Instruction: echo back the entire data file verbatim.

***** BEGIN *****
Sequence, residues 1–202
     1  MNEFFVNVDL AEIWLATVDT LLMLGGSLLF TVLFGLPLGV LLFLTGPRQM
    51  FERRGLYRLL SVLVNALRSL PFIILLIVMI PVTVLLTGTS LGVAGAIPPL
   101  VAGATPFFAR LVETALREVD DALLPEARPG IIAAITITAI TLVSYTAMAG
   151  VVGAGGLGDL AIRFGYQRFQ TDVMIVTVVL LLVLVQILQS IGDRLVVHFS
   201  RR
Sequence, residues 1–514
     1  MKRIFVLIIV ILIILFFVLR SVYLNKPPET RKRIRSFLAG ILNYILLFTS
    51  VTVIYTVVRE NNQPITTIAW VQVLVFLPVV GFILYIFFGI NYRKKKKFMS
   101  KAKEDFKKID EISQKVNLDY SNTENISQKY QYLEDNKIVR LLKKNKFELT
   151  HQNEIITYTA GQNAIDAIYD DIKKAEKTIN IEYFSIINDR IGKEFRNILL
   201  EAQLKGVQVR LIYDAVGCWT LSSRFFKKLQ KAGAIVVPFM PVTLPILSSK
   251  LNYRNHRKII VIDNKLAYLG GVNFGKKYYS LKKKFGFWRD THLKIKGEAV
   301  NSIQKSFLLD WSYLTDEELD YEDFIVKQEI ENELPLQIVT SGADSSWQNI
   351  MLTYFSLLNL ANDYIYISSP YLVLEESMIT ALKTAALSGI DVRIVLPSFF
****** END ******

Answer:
Sequence, residues 1–202
     1  MNEFFVNVDL AEIWLATVDT LLMLGGSLLF TVLFGLPLGV LLFLTGPRQM
    51  FERRGLYRLL SVLVNALRSL PFIILLIVMI PVTVLLTGTS LGVAGAIPPL
   101  VAGATPFFAR LVETALREVD DALLPEARPG IIAAITITAI TLVSYTAMAG
   151  VVGAGGLGDL AIRFGYQRFQ TDVMIVTVVL LLVLVQILQS IGDRLVVHFS
   201  RR
Sequence, residues 1–514
     1  MKRIFVLIIV ILIILFFVLR SVYLNKPPET RKRIRSFLAG ILNYILLFTS
    51  VTVIYTVVRE NNQPITTIAW VQVLVFLPVV GFILYIFFGI NYRKKKKFMS
   101  KAKEDFKKID EISQKVNLDY SNTENISQKY QYLEDNKIVR LLKKNKFELT
   151  HQNEIITYTA GQNAIDAIYD DIKKAEKTIN IEYFSIINDR IGKEFRNILL
   201  EAQLKGVQVR LIYDAVGCWT LSSRFFKKLQ KAGAIVVPFM PVTLPILSSK
   251  LNYRNHRKII VIDNKLAYLG GVNFGKKYYS LKKKFGFWRD THLKIKGEAV
   301  NSIQKSFLLD WSYLTDEELD YEDFIVKQEI ENELPLQIVT SGADSSWQNI
   351  MLTYFSLLNL ANDYIYISSP YLVLEESMIT ALKTAALSGI DVRIVLPSFF